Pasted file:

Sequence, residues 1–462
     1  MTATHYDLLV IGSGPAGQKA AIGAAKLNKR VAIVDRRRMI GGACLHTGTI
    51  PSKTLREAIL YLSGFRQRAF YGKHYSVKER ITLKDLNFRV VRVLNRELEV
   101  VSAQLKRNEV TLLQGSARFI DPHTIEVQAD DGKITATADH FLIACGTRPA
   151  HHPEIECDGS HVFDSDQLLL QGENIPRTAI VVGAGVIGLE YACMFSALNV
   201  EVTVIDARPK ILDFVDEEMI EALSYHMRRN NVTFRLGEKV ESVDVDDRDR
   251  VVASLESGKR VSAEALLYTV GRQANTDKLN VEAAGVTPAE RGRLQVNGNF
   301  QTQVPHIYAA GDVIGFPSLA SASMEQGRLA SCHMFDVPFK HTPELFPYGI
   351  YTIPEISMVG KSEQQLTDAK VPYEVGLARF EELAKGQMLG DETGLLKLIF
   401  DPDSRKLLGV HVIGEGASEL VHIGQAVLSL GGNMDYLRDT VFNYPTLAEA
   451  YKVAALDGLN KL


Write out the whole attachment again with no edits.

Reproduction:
Sequence, residues 1–462
     1  MTATHYDLLV IGSGPAGQKA AIGAAKLNKR VAIVDRRRMI GGACLHTGTI
    51  PSKTLREAIL YLSGFRQRAF YGKHYSVKER ITLKDLNFRV VRVLNRELEV
   101  VSAQLKRNEV TLLQGSARFI DPHTIEVQAD DGKITATADH FLIACGTRPA
   151  HHPEIECDGS HVFDSDQLLL QGENIPRTAI VVGAGVIGLE YACMFSALNV
   201  EVTVIDARPK ILDFVDEEMI EALSYHMRRN NVTFRLGEKV ESVDVDDRDR
   251  VVASLESGKR VSAEALLYTV GRQANTDKLN VEAAGVTPAE RGRLQVNGNF
   301  QTQVPHIYAA GDVIGFPSLA SASMEQGRLA SCHMFDVPFK HTPELFPYGI
   351  YTIPEISMVG KSEQQLTDAK VPYEVGLARF EELAKGQMLG DETGLLKLIF
   401  DPDSRKLLGV HVIGEGASEL VHIGQAVLSL GGNMDYLRDT VFNYPTLAEA
   451  YKVAALDGLN KL